While the "hurry up and wait" process of finalizing the last design stages of The Crying of Ross 128 continue, I've been plotting a second novel that picks up where Crying leaves off. Part of the plot was inspired by this short story I wrote in the fall of 2017 called "Echo in the Grey". Over the next few days, I'll be sharing it with you. If you enjoy it, please support the writers in the publication "Tales of the Maestro Moon" available on amazon. Thanks!
Here's part 1...
Echo in the Grey
© David Allan Hamilton
The small reconnaissance spacecraft orbited the blue planet’s moon, scanning the surface for a suitable landing site. A solitary pilot had engaged the ship’s cloak light years ago, rendering the craft’s tracking beacons inoperative so none of its kind knew where it was.
All he wanted.
His scans indicated the moon was in a synchronous orbit with this planet, so he chose a site on the edge of sunlight where he could enjoy its remarkable beauty. He named it Blue. The sound of Blue is gentle, he thought.
Over the millenia, dust and rock fragments covered the ship until only the Black remained.
The sound of Black is not a sound at all.
It is perfection.
* * *
John Sarangan wiped the moondust off his visor, secured the hovering LunaScoota against the lab wall and cut its power. The one-man vehicle nestled gently down on the Moon’s surface. He’d just finished deploying the remaining thumpers in the latest seismic mapping survey – this one out in the Grey – and was preparing to run the array for the next couple of hours.
He entered the lab and removed his yellow enviro-suit. In the control room, he checked his monitors, cameras and remote sensors and smiled. When Sarangan was broken years ago after his partner betrayed him, he vowed never to get close to anyone again. So accepting this assignment with the Terran Science Academy allowed him the pleasure and security of complete self-reliability. The isolation he coveted professionally mirrored the rest of his life. It crept through his thoughts, shunting his emotions back and forth in a jumbled slosh of lost friendships and stunted relationships until everything he ever felt for anyone else was rendered inert. There was just the man and his work, and the 384,000 kilometres separating him from the nearest human being was almost enough.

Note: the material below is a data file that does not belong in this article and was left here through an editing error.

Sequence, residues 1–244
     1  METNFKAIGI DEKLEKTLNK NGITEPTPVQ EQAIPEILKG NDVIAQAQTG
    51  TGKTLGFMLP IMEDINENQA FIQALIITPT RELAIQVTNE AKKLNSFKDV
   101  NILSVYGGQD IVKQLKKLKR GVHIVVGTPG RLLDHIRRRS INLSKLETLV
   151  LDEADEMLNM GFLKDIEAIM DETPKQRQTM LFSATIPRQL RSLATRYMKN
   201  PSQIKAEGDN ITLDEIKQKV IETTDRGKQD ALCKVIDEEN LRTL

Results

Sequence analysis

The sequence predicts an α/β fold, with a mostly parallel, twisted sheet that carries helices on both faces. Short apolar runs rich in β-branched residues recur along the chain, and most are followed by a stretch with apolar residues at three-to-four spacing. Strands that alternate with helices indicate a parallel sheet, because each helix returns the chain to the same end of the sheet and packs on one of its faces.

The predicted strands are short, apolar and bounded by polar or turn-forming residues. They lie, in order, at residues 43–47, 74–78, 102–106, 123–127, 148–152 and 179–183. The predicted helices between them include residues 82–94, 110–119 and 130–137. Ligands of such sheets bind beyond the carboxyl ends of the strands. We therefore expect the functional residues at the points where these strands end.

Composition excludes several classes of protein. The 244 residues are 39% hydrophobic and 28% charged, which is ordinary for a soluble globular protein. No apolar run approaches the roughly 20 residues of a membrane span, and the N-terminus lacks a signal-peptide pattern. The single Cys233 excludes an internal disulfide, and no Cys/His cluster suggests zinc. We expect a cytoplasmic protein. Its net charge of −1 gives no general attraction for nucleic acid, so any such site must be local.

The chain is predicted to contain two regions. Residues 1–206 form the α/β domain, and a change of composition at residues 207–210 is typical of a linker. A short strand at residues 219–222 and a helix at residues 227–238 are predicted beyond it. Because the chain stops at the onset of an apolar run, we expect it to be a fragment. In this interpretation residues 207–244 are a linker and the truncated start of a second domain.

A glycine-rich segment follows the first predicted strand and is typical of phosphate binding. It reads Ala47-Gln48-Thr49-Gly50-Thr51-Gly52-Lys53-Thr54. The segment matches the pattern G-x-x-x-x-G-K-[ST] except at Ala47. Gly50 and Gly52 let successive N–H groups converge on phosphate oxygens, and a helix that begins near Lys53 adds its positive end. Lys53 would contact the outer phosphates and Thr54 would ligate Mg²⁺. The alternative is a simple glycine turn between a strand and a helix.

He clicked the thumpers online, keyed the initial survey frequency into the imaging algorithm, and hit the flashing RUN button. The array monitor captured several thumpers coming to life, pounding the lunar surface in variable bursts and generating the seismic signals necessary to map near surface structural anomalies. Within seconds, the filtered data were constructed tomographically into three-dimensional colour images, and the first grainy 500 metres of surface depth ripened into clearly defined strata as more information became available.
The beauty of this work is in the imaging.
When Sarangan adjusted the frequency of the thumpers to survey structures closer to the lunar surface, something in the data grabbed his attention. Quite unexpectedly, a curved anomaly appeared out of the noise. Sarangan fine-tuned the filter’s dampening parameters to improve the signal to noise ratio of the anomaly, but what he saw appearing on the monitor left him second-guessing the integrity of the algorithm. He stood up and leaned toward the screen to get a better look. There, buried just a few metres below the Moon’s surface where the Light meets the Dark, a perfectly spherical dome-like structure emerged within the rock and silt.